A California federal judge on Tuesday delayed former Theranos CEO Elizabeth Holmes' criminal jury trial from October to March in light of challenges posed by the coronavirus pandemic, but he shortened the parties' proposed pretrial briefing schedule by about two weeks.

  • August 11, 2020

    Texas Jury Says Apple Owes $506M Over 4G LTE Patents

    In the country's first in-person jury trial over patents since the COVID-19 pandemic led to nationwide court closures, a Texas federal jury on Tuesday said Apple should pay PanOptis and related companies more than $506 million for willfully infringing patents covering 4G LTE technology. 

  • August 10, 2020

    Roku's Trial Delay Request OK'd By 'Surprised' Texas Judge

    U.S. District Judge Alan D. Albright on Monday again delayed a patent jury trial involving Roku because of the coronavirus pandemic, noting his surprise this time that Roku's attorneys had asked for the case to start in October because of persistent safety concerns.

  • August 10, 2020

    Kingston Can't Slash $7.5M Jury Verdict In USB Patent Case

    A California federal judge has rejected challenges related to a jury's finding that Kingston Technology Co. Inc.'s USB flash memory device with a "swiveling" cover infringed a patent owned by Pavo Solutions LLC and declined to slash the jury's $7.5 million award.

  • August 10, 2020

    Pandemic Prompts 2-Month Delay In Apple, VirnetX Rematch

    Citing the ongoing spread of the coronavirus in Texas, a federal judge ordered a two-month delay Monday in VirnetX's hotly anticipated retrial against Apple over two patents related to the program VPN On Demand.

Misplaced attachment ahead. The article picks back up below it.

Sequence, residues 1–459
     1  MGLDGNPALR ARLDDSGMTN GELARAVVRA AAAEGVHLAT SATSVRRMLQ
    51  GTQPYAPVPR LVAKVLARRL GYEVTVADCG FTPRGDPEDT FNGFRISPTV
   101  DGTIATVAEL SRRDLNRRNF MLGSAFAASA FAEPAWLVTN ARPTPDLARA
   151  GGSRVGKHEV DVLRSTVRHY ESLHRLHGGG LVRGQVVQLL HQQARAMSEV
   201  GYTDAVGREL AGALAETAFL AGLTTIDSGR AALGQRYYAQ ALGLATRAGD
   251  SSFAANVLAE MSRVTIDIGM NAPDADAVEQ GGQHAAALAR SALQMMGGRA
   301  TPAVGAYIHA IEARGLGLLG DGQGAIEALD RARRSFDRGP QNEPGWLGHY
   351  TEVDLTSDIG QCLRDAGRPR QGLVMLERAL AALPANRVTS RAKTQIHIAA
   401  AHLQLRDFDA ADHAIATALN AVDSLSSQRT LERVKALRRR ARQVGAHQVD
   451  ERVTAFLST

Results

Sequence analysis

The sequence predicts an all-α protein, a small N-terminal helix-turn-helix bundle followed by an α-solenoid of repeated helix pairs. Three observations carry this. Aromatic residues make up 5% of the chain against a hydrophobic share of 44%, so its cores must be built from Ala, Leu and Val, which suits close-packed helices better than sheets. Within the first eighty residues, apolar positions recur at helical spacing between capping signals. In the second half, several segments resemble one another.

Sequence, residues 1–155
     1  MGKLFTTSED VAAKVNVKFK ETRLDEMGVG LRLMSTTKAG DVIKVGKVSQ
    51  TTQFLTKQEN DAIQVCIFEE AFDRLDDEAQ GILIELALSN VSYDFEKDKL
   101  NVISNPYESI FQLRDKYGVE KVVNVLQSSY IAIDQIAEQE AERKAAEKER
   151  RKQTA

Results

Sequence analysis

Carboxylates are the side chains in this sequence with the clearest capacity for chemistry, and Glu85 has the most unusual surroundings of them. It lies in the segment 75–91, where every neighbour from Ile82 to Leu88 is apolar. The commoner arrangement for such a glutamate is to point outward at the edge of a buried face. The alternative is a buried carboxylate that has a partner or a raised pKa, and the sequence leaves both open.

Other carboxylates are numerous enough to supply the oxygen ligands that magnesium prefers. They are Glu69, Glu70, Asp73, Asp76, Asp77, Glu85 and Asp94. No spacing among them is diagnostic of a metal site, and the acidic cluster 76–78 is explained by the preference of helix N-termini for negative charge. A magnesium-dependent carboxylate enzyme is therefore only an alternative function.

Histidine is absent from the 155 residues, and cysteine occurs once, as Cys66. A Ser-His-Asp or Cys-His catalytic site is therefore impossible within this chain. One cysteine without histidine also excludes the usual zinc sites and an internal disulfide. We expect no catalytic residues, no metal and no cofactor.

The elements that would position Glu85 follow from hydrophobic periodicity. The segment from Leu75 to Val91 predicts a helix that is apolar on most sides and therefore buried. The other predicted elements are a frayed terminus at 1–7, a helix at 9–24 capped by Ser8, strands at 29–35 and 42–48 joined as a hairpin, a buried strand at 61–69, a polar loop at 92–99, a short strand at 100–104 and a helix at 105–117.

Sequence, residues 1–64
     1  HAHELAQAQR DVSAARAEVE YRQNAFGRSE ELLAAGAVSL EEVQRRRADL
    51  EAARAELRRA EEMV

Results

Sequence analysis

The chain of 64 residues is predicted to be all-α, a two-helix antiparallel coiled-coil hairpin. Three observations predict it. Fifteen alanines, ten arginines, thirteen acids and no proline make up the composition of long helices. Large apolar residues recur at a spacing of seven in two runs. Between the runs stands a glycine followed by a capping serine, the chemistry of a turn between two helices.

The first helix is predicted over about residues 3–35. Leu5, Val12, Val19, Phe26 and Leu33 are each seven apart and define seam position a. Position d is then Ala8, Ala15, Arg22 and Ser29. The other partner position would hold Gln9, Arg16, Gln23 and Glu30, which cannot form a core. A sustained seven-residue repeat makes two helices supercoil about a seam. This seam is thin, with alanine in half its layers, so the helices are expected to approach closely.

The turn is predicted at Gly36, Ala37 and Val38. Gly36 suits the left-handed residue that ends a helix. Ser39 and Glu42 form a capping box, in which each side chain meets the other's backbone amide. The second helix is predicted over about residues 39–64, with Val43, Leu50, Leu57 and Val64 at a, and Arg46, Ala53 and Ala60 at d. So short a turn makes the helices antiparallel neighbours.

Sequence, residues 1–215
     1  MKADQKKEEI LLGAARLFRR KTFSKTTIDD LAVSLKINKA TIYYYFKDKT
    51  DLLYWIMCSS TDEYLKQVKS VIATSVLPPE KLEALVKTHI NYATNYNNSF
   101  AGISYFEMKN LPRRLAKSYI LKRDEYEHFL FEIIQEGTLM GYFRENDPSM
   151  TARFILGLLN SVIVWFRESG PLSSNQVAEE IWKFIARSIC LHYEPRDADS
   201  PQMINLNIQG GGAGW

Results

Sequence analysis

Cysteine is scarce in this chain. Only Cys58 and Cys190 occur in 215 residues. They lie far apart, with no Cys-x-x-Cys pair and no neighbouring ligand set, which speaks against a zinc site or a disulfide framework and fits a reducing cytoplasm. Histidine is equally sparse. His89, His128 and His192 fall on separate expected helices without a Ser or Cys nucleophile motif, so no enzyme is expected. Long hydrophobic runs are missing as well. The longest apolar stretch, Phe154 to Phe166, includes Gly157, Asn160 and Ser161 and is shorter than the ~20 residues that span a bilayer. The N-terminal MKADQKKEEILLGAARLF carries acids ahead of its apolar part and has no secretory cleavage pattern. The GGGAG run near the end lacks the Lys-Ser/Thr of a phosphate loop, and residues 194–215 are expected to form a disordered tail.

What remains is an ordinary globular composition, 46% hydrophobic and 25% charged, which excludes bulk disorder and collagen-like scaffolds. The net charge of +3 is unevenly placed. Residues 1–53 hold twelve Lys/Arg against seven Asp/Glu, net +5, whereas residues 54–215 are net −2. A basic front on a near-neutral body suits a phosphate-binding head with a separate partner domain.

• August 10, 2020

    Judge Needs More Before Ruling On Fraudster's Virus Release

    A D.C. federal judge said Monday he doesn't have enough for an "informed" ruling on a request for COVID-19-related release from the ex-owner of an Afghanistan marble mining company who is serving 4½ years in prison for defrauding the U.S. government on a $15.8 million loan.

  • August 10, 2020

    Whistleblowers Who Won $1.7M Get Dropped Claims Revived

    The Tenth Circuit has ruled that four former Afghanistan investigators for defense contractor Vectrus who won $1.7 million over claims they were retaliated against for reporting malfeasance will keep their awards and receive a new chance to bring claims that were dismissed before trial.

  • August 10, 2020

    9th Circ. Nixes Pre-Trial Repatriation Order In Fraud Case

    An indicted health care executive doesn't have to repatriate up to $7.2 million that he may have put in African banks before his fraud case goes to trial, the Ninth Circuit ruled Monday, finding that an order requiring him to do so violated his rights.

  • August 10, 2020

    Chubb Unit Says It Doesn't Owe $8M For Settlement Refusal

    Counsel for a Chubb Ltd. primary insurer told a panel of Fifth Circuit judges in oral arguments Monday that his client shouldn't have to pay a Zurich North America excess carrier nearly $8 million in a coverage dispute over a mutual policyholder's settlement of a fatal crash lawsuit.

  • August 10, 2020

    5th Circ. Backs Win For Energy Tech Firm In Trade Secret Row

    The Fifth Circuit has affirmed a lower court ruling that Petroleum Analyzer Co. LP hadn't wrongly used proprietary oil and gas technology developed by a competitor, saying there's no evidence the company swiped a trade secret.

  • August 10, 2020

    Opioid Cos. Say NY Trial Shouldn't Be Livestreamed

    Opioid companies on Monday told a New York state judge that the trial and upcoming hearings over the state's claims that they fueled the opioid crisis shouldn't be livestreamed, saying since courts transitioned to virtual proceedings because of the coronavirus pandemic, not one court has used livestreaming to ensure public or press access.